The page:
While Estes' paintings appear to be direct, painted copies of photographs, he actually combined multiple photos, often quite loosely, figuring out his compositions in underpaintings he produced using acrylic paint. He would sometimes move elements as he began working to strengthen his compositions and more closely control visual effect. As a consequence of Estes taking these artistic liberties, when viewers have tried to match his paintings with actual sites in New York City or elsewhere, they often discover surprising inconsistencies.
A major compositional strategy for Estes was often to bisect his paintings, producing a kind of split-screen result. This has the effect of making it seem as though you're looking at two different paintings or even worlds. This tactic probably relates to the often surprising juxtapositions of visual elements in the crowded city or, for instance, in a wilderness setting in which technology intrudes, as with his painting of a boat cutting through the icy water in the Antarctic.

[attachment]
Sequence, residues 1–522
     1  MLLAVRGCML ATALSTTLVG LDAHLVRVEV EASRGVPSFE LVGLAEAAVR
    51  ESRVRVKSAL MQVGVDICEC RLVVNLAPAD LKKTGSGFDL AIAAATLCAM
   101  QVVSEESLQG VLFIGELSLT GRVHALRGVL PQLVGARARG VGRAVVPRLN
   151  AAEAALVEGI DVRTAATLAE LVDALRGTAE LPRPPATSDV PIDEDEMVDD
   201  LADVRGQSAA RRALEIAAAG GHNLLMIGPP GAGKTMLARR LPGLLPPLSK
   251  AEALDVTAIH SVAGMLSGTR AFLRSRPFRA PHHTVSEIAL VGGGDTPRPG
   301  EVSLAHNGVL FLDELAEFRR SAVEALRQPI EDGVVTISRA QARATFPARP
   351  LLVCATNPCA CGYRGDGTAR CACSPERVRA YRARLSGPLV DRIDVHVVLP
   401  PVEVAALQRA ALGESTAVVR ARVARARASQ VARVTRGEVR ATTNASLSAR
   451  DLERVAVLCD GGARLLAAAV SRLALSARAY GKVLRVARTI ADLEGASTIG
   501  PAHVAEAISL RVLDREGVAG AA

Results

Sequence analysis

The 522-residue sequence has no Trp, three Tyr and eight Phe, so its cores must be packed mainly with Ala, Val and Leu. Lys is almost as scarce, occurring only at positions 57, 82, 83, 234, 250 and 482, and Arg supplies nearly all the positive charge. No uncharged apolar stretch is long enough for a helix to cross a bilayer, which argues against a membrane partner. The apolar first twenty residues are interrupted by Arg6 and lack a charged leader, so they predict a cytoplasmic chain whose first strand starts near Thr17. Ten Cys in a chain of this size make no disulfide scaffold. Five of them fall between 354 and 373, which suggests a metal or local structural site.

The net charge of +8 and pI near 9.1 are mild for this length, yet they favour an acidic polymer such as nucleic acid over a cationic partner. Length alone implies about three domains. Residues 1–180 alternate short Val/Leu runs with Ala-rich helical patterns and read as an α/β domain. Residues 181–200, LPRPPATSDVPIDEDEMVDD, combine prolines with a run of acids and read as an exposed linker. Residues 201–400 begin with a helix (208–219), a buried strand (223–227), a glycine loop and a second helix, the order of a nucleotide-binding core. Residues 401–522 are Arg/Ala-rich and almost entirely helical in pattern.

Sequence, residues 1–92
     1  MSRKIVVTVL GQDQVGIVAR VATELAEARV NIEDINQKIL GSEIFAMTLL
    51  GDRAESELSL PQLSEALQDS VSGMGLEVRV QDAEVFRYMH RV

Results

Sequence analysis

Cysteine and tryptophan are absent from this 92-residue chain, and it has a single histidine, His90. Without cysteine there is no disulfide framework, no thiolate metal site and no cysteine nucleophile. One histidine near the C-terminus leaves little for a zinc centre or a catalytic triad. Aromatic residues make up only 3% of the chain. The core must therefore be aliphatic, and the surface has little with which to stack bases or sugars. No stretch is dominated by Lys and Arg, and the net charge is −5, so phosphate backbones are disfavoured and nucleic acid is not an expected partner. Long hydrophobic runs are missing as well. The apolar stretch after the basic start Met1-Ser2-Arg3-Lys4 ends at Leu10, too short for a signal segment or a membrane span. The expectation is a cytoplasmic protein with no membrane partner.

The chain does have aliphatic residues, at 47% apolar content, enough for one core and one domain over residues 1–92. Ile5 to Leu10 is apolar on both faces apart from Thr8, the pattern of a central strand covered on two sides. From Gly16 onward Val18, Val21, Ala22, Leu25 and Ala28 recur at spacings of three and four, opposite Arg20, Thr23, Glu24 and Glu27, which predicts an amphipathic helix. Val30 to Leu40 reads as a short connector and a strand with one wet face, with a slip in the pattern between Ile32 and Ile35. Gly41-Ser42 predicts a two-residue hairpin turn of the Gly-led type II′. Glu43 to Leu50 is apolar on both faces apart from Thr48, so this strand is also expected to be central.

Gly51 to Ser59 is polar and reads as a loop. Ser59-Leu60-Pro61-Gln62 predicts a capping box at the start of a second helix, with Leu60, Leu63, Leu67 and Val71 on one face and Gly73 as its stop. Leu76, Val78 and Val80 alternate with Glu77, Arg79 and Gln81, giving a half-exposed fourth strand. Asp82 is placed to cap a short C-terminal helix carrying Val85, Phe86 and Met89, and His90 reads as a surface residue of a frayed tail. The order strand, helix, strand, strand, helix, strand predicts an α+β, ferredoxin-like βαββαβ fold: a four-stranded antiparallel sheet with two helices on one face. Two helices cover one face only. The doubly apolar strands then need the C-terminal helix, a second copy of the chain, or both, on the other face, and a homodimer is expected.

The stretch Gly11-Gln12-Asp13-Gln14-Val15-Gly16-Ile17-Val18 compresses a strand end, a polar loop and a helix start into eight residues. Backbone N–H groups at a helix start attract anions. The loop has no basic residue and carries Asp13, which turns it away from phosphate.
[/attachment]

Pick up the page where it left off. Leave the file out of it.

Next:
By creating his photorealistic montages that seem convincingly whole, Estes produces works in which there are multiple focal points. He confounds the concept of the mathematical or one-point perspective, the Renaissance invention that provided drawn and painted images with the illusion of depth. Instead, viewing a typical Estes painting feels like one is constantly changing vantage points; it's a bit like the effect of covering one eye, then the other and observing how that alters one's view.
Until the nineteenth century, the craft aspect of painting was regarded as enormously important. Demonstrating one's skill as a draftsperson and a technically-gifted painter was as important as the subject of an individual work. With the advent of modernism, the technical virtuosity of an artist was challenged, brushstrokes emphasized, and traditional materials and methods were rejected if not dispensed with completely. Estes, among other artists, rejected the bias against craft by creating hyper-realistic paintings that recall the trompe l'oeil paintings that had for centuries provided a means for artists to display their superior technical prowess.

Most Important Art